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Why Washington State Has Asked Starbucks to Help With Vaccine Distribution

Gov. Jay Inslee calls on the Seattle-based coffee giant to lend some tech expertise.

Starbucks Cup Photo: courtesy Connor Surdi/Starbucks

After watching governors across the country struggle with vaccine rollouts—from Andrew Cuomo’s strict rules leading to doses being thrown away in New York to a surge in requests in Mississippi leading to hours-long delays in scheduling appointmentsWashington Gov. Jay Inslee announced a new public-private task force, the Washington State Vaccine Command and Coordination Center. The goal of the group is to increase the Evergreen State’s capacity from 15,000 to 45,000 vaccine doses a day.

According to the CDC, of the 31.2 million doses distributed in America, 12.3 million have been administered with just 1.6 million people receiving the necessary two shots. Along with the examples above, there have been numerous stories of hospitals scrambling to get people in to administer doses before the vaccine expires. It’s a far cry from back in 1947 when New York City was able to vaccinate 6 million people against small pox in a month. That’s why Inslee is creating a task force to build the necessary infrastructure to inoculate against Covid-19.

Among the groups joining the partnership are local labor unions and healthcare providers as well as Washington-based businesses like Microsoft, Costco and Starbucks. No, you won’t be able to get a shot with your quad-tall americano. Starbucks isn’t giving out doses, but rather using its logistical expertise to help create more efficient distribution. With thousands of locations across the globe, the coffee giant is accustomed to scaling processes, adjusting them to the space they have available and managing customer interactions.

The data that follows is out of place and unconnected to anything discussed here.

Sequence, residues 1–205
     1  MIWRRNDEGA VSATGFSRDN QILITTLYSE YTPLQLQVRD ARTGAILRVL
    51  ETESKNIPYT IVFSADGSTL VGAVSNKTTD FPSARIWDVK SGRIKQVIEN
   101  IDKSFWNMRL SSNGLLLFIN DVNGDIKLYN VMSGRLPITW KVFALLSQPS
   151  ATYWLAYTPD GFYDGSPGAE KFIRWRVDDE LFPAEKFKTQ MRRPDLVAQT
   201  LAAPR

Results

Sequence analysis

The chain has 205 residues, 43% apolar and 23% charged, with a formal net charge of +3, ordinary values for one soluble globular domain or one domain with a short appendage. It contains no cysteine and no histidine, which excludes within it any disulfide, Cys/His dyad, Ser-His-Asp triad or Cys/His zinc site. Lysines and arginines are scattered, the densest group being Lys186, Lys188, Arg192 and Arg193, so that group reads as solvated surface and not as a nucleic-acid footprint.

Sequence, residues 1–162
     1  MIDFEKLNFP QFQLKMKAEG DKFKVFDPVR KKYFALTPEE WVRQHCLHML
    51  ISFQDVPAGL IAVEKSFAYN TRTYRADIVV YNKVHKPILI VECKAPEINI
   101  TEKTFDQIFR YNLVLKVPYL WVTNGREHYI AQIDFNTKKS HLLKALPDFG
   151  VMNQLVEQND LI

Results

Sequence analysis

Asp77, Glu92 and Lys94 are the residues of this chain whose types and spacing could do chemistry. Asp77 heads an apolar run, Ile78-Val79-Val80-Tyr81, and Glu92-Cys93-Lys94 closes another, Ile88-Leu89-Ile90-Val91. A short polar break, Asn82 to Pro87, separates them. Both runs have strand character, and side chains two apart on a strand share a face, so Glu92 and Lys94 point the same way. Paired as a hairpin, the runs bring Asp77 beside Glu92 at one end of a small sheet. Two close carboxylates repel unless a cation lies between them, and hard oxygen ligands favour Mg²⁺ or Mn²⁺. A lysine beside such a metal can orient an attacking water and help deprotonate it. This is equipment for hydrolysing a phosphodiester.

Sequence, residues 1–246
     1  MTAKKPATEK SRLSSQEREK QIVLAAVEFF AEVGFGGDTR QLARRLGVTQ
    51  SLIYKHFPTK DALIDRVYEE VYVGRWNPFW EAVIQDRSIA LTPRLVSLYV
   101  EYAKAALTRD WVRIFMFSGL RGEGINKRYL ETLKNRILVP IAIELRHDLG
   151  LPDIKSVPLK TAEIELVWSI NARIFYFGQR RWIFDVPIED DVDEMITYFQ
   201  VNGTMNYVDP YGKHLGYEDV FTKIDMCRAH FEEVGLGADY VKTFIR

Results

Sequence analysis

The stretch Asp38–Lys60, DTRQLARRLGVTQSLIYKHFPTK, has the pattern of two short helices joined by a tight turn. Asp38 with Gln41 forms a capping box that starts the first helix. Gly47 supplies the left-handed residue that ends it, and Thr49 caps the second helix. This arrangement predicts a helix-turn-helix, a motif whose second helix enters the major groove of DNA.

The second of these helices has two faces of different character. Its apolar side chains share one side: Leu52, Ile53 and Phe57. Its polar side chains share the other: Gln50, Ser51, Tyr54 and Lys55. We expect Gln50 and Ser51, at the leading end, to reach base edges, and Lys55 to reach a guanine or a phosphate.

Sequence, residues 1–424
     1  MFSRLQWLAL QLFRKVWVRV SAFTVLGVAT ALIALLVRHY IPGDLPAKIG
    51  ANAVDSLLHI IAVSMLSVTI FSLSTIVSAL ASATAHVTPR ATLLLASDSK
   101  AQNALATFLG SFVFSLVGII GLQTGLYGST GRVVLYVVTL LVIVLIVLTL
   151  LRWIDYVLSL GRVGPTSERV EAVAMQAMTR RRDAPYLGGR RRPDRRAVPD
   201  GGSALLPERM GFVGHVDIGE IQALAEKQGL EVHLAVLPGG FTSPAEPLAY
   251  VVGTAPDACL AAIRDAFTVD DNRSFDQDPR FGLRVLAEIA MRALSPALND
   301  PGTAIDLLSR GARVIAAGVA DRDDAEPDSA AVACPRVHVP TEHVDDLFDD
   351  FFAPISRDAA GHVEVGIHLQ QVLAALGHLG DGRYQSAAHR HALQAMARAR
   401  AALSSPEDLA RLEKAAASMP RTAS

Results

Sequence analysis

Inside Starbucks corporate headquarters in Seattle, there’s the 20,000-square-foot Tryer Center, where the company tests new products and cafe designs. It has allocated 11 employees to troubleshoot how to efficiently and safely create a space to administer vaccine doses. The employees have spent time at current vaccination clinics to understand the check-in processes, timing involved in giving shots and the bottlenecks that occur in the waiting areas.

Starbucks tryer center vaccination clinic

A mock vaccination clinic inside Starbucks’ innovation lab.  Photo: courtesy Joshua Trujillo/Starbucks

Armed with those observations, these logistical experts have started creating mock clinics inside the Tryer Center to test solutions for vaccinating people. It may seem like a banal problem at first glance, but one of the biggest problems they found was people waiting too long to leave after they received the shot. There is a 15-minute period where you need to be monitored for adverse reactions to the vaccine and people lose track of time and err on the side of staying longer than they actually need to. So Starbucks employees are currently testing whether groups of people should be dismissed as a cohort to clear the space, or if after each shot, the person receiving the dose has a slip of paper telling them exactly when they can leave.

The efforts to speed up vaccinations in the state coincide with Inslee dropping the age of eligibility from 70 to 65 to increase the pool of people eligible to receive a dose.

“This is a unique challenge for the United States and in every state to stand up a total mobilization of our resources,” Inslee said. “We did that in World War II when we built the Liberty ships here in Washington state. We reached production levels that no one could imagine because we set ambitious goals.”

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